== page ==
Please note that nowhere in the list do the words “culture,” “worldview,” “organization,” or “business” appear. That is because cultures, worldviews, organizations, and businesses are forests of paradigms. (36)

A paradigm shift, then, is a change to a new game, a new set of rules. (37)

4 When Do New Paradigms Appear?

Every paradigm has a range of problems it can solve. The more powerful the paradigm, the more problems it will solve over time. (45)


Reason 1. We lack some technology or tool that would allow us to be able to solve the problem.

Reason 2. We’re not smart enough yet. (50)

And sooner or later, every paradigm begins to develop a very special set of problems that everyone in the field wants to be able to solve and no one has a clue as to how to do it. (51)

Every paradigm will, in the process of finding new problems, uncover problems it cannot solve. And those unsolvable problems provide the catalyst for triggering the paradigm shift. (52)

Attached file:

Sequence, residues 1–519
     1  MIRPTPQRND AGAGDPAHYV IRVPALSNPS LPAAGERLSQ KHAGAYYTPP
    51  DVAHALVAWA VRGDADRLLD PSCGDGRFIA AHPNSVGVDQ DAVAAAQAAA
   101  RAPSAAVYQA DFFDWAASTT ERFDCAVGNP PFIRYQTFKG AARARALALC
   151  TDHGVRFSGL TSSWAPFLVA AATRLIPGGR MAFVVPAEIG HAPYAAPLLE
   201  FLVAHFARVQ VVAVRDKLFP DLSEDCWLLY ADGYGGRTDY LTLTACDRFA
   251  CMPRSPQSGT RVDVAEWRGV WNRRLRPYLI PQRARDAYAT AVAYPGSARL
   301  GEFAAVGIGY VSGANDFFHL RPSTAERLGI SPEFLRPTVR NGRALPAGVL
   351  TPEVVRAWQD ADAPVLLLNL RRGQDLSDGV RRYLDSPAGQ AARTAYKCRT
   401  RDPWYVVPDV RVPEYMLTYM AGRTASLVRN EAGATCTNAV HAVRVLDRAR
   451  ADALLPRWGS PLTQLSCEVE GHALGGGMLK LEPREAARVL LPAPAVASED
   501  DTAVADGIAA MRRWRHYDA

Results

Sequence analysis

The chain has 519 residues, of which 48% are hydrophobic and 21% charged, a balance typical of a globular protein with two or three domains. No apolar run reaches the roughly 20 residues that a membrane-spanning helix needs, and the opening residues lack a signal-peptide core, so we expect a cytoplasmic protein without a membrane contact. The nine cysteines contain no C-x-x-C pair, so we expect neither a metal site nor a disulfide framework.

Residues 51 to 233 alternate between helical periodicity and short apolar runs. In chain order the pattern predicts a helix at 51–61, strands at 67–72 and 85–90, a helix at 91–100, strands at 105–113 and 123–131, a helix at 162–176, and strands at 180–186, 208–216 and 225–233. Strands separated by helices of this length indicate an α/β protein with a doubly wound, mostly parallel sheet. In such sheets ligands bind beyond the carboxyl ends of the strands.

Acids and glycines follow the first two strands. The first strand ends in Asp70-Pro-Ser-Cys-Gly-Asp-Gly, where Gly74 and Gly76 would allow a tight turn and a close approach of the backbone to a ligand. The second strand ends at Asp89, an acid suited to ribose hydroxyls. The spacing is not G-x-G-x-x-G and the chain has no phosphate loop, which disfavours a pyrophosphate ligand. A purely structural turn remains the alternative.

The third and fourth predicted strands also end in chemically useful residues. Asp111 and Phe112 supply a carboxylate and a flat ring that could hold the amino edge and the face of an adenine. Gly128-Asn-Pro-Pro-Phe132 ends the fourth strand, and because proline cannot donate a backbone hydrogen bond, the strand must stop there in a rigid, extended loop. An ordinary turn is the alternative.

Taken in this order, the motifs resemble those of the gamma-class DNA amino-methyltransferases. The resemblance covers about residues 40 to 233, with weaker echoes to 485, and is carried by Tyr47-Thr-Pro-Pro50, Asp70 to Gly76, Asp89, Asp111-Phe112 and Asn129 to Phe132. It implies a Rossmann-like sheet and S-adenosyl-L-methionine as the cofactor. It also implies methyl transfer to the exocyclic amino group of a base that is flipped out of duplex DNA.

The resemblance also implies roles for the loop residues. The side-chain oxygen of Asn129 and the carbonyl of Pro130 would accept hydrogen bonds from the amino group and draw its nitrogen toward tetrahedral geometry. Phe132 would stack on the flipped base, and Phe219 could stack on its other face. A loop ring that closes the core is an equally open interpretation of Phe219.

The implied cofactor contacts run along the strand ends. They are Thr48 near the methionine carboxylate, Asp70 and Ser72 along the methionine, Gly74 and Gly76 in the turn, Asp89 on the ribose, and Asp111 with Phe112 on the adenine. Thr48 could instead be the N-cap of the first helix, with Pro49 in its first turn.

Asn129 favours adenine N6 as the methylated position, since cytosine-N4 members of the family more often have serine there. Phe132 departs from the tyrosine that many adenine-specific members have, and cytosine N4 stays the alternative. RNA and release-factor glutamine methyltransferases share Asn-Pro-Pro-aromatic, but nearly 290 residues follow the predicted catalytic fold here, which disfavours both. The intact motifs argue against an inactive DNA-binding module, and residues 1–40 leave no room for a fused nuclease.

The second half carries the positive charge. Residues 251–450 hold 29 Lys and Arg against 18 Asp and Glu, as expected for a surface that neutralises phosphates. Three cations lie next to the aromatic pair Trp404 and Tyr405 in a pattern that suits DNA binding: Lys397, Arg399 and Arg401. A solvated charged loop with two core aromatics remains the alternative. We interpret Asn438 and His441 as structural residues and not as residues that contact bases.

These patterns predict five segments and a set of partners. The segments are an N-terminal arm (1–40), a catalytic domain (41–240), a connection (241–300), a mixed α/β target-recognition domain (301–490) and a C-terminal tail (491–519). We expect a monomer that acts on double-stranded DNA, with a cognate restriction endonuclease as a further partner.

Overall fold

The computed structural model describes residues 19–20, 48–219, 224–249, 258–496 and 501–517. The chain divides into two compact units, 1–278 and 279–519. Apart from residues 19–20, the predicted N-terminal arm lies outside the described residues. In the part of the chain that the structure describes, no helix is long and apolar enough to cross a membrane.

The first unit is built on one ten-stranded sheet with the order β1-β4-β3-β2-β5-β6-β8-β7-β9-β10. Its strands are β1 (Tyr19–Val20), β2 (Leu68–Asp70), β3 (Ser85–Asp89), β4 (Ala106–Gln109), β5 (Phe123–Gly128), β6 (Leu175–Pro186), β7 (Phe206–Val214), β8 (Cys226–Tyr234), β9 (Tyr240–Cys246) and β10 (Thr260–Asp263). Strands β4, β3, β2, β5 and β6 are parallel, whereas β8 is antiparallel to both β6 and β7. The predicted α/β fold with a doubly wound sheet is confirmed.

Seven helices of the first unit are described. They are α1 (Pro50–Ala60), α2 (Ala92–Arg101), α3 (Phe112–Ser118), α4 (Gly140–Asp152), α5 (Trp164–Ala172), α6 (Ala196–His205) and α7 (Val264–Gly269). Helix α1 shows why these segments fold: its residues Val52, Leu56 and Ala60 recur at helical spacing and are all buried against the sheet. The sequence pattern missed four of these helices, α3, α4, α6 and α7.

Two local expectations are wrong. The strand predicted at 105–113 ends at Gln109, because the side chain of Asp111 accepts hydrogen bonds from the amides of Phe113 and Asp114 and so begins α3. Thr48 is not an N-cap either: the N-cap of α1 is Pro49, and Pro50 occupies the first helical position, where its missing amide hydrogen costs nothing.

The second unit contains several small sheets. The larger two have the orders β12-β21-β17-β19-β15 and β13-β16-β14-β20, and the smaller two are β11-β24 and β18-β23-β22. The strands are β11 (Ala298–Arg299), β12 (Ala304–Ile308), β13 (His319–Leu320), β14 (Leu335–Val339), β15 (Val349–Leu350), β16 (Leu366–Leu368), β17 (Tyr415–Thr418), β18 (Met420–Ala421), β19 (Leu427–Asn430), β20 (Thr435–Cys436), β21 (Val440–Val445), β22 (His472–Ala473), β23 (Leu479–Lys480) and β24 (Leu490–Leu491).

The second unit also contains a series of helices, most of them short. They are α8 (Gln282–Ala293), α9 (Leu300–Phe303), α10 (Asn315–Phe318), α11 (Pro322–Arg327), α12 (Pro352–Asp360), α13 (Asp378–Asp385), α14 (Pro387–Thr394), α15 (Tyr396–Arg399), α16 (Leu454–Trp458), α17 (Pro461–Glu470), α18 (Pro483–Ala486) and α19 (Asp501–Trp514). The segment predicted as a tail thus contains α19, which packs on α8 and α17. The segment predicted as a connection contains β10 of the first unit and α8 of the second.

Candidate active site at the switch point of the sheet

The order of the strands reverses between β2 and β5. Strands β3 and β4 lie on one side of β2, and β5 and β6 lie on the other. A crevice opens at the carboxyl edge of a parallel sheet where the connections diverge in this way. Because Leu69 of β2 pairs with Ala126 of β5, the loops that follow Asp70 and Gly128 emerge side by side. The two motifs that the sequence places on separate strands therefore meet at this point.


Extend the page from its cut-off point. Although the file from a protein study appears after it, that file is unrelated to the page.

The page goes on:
5 Who Changes the Paradigm?

The short and unsettling answer is that it will probably be someone who is an outsider. (55)

Who do they think they are? To put them in their place we have a whole set of phrases to use when they come to show us their great new idea. Try a few of these on for size:

  • “That’s impossible.”
  • “We don’t do things that way around here.”
  • “It’s too radical a change for us.”
  • “We tried something like that before and it didn’t work.”
  • “I wish it were that easy.”
  • “It’s against policy to do it that way.”
  • “When you’ve been around a little longer, you’ll understand.”
  • “Who gave you permission to change the rules?”
  • “Let’s get real, okay?”
  • “How dare you suggest that what we are doing is wrong!”